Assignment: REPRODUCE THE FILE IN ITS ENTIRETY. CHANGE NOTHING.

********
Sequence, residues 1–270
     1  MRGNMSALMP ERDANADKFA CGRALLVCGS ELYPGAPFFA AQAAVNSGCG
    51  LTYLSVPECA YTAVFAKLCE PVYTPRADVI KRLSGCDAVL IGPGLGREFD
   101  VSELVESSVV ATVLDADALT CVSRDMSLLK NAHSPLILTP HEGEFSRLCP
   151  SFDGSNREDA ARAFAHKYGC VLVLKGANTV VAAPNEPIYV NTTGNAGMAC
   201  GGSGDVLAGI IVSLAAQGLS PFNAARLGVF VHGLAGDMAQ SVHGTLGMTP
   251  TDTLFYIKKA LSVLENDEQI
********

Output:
Sequence, residues 1–270
     1  MRGNMSALMP ERDANADKFA CGRALLVCGS ELYPGAPFFA AQAAVNSGCG
    51  LTYLSVPECA YTAVFAKLCE PVYTPRADVI KRLSGCDAVL IGPGLGREFD
   101  VSELVESSVV ATVLDADALT CVSRDMSLLK NAHSPLILTP HEGEFSRLCP
   151  SFDGSNREDA ARAFAHKYGC VLVLKGANTV VAAPNEPIYV NTTGNAGMAC
   201  GGSGDVLAGI IVSLAAQGLS PFNAARLGVF VHGLAGDMAQ SVHGTLGMTP
   251  TDTLFYIKKA LSVLENDEQI